Female musicians graduate after course

The following article was originally published in News Day

6 June 2015

Written by Winstone Antonio

GOSPEL musician Namatai Chipanga and over a 100 others on Thursday night received certificates after the successful completion of a music instrument use course at the Zimbabwe College of Music.

The course, which was offered following a baseline study on the culture sector conducted by Culture Fund in 2009, which showed that only 10% of women in the sector were in the leadership positions, was meant to train the female musicians to play music instruments.

The course was offered in partnership with the Culture Fund of Zimbabwe and Swedish Embassy.

Speaking to NewsDay on the sidelines of a concert to mark their graduation, Chipanga could not hide her excitement. She said she was now a renewed and better skilled musician.

“I have benefited more from this programme. Women are often dancers and backing vocalists, but with this programme; I have learnt a lot on how to develop my career. I can confidently say with this knowledge, I can hold a show single handedly,” Chipanga said.

“Many thanks to sponsors of the programme. Zimbabwe College of Music, you have educated women and you are guaranteed the nation will benefit.”

The journey that was aimed at empowering female artistes through instruments training and performance skills started in August 2014 and ended on Thursday night with a concert dubbed Women Musicians Final Concert at Zimbabwe College of Music.

This was the second concert after the first one was conducted last week as preparations for the final one that saw women receiving certificates.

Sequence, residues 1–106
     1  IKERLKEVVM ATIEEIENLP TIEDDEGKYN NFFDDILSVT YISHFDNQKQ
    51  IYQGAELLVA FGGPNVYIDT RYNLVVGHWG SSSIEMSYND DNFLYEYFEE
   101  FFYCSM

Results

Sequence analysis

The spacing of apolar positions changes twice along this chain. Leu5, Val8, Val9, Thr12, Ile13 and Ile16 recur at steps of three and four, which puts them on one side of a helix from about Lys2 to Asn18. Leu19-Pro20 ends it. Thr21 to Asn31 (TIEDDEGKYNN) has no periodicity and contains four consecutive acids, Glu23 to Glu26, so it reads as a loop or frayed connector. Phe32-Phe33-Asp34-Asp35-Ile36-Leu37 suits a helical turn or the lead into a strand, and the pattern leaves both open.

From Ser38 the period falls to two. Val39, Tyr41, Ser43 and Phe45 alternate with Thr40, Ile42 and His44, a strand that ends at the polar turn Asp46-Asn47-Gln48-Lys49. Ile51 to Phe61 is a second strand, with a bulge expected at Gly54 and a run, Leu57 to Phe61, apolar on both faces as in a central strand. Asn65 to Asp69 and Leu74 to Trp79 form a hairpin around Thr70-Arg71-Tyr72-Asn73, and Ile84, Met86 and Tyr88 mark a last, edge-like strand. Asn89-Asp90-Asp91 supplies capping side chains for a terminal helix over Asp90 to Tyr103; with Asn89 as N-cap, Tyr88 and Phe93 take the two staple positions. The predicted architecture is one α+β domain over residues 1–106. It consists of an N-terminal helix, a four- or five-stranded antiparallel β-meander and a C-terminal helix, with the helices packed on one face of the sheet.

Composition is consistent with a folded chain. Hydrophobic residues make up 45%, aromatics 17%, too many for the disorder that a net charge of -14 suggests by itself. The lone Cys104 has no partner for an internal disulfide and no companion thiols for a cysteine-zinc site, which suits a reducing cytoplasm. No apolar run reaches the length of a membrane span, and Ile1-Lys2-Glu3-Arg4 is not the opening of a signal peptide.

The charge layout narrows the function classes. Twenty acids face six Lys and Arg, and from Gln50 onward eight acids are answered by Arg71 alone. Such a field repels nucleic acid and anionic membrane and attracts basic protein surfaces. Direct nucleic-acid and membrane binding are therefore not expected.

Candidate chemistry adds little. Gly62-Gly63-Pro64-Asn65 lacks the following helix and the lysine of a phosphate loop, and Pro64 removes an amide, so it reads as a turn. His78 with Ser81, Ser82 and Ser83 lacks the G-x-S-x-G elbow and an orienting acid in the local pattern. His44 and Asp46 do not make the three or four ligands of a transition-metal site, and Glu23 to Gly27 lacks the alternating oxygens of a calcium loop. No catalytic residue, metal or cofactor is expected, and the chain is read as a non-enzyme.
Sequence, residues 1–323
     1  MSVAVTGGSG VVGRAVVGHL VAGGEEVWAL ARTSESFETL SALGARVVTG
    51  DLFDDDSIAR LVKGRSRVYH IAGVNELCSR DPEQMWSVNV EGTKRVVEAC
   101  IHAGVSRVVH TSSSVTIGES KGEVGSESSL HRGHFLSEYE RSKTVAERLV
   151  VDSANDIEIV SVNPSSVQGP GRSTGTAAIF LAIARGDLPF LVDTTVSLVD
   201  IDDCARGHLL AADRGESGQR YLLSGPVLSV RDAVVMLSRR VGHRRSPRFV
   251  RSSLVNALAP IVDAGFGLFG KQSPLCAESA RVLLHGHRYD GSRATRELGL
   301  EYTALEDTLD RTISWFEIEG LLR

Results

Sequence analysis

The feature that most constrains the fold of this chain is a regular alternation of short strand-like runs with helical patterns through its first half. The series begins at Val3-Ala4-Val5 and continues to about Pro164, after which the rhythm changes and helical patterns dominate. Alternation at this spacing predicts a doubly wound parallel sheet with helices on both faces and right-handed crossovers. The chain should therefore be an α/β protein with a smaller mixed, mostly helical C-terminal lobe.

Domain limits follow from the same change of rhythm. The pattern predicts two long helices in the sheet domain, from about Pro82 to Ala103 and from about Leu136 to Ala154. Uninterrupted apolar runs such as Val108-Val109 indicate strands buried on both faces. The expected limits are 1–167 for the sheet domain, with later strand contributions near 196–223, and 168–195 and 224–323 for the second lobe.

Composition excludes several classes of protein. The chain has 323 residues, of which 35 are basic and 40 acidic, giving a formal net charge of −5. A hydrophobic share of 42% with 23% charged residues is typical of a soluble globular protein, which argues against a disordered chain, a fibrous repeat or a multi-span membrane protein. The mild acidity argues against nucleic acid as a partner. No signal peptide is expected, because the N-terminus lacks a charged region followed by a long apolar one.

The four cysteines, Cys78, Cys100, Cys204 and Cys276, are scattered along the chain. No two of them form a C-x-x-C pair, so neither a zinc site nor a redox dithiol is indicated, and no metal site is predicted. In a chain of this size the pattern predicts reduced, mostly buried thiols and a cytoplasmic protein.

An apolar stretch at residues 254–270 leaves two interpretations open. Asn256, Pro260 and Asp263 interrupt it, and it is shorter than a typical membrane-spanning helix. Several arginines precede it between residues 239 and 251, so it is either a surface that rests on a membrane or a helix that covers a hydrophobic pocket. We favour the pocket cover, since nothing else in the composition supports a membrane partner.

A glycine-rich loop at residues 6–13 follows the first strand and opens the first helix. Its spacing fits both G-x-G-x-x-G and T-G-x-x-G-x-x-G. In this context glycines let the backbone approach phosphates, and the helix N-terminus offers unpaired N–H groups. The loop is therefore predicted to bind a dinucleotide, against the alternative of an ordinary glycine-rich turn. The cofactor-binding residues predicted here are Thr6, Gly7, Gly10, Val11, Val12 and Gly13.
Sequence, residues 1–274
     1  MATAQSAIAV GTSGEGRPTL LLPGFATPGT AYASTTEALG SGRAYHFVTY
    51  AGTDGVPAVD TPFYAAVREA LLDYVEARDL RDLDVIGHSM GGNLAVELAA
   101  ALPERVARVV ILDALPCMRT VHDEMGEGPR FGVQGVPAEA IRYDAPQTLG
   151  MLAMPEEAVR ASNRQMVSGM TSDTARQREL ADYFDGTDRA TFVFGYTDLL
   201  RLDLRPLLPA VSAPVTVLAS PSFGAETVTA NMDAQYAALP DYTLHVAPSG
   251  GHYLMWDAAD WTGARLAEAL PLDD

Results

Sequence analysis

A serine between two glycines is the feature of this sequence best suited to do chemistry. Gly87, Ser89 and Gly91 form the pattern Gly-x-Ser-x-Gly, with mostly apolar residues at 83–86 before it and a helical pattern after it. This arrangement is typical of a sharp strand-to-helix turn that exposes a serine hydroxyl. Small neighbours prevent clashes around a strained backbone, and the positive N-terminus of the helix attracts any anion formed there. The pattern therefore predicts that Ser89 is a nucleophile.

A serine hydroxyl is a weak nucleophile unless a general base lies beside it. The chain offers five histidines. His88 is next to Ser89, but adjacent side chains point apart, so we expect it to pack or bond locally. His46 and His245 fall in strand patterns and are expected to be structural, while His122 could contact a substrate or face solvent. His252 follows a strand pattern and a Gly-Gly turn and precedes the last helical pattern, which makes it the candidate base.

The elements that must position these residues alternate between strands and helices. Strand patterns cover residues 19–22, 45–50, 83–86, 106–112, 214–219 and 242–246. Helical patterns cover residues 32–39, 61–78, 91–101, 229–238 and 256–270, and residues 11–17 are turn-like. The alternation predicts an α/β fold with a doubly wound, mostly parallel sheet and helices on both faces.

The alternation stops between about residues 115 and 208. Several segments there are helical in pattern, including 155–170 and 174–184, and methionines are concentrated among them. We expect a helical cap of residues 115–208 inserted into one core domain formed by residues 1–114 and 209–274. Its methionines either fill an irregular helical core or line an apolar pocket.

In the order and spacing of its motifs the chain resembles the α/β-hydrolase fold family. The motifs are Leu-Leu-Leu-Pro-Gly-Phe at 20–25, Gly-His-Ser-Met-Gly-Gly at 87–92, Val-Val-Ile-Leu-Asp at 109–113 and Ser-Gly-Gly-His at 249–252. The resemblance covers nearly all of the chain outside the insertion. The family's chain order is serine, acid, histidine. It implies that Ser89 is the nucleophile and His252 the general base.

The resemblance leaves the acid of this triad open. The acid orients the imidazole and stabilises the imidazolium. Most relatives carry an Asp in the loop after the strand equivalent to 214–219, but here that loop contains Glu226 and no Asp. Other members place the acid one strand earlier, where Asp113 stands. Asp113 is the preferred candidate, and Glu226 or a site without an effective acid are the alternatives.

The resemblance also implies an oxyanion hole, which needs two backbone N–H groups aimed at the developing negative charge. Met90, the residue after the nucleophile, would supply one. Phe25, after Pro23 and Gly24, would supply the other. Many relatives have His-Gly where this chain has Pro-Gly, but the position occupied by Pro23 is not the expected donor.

“After realising that a lot of women have not risen to the top tiers in music as most of them are dancers or backing vocalists, we decided to come up with a programme aimed at empowering them to play instruments,” Zimbabwe College of Music executive director Rachel Jera-Chigwanda said.

Jera-Chigwanda further challenged female musicians to scale greater heights and go beyond playing second fiddle as merely dancers and backing vocalists in male-led bands.

Culture Fund programmes officer Chipo Muvezwa said for the outreach and talent identification, as well as training of the musicians, her organisation poured in $9 800 in support of the project.

“Culture Fund seeks to promote creativity, innovation, talent identification and nurturing projects such as this programme that was co-ordinated by Zimbabwe College of Music,” Muvezwa said.

“Culture Fund recognises that within the arts sector, women have been marginalised, therefore, any project that will seek to redress gender imbalances within the sector such as this one becomes important to us.”

At the concert, the musicians took turns to entertain guests showcasing what they mastered during the programme.

As some of the musicians are yet to record, during their performance they had to perform cover version songs of renowned musicians, among them super star Oliver Mtukudzi, Busi Ncube, the late South African reggae musician Lucky Dube, Andy Brown and John Chibadura, much to the delight of the guests.

After proving their prowess that charmed guests, among them Starbrite Talent Show founder and executive director Barney Mpariwa, the musicians got a boost in their endeavour to make it to greater heights when Mpariwa said if they were to audition at the talent show, they would be part of its third round.

Among the guests who attended the event were Sports, Arts and Culture ministry principal director Reverend Paul Damasane, Hivos programme officer Stephen Matinanga, Ghana Embassy representatives, National Arts Council of Zimbabwe director Elvas Mari and Education Coalition of Zimbabwe director Maxwell Rafomoyo.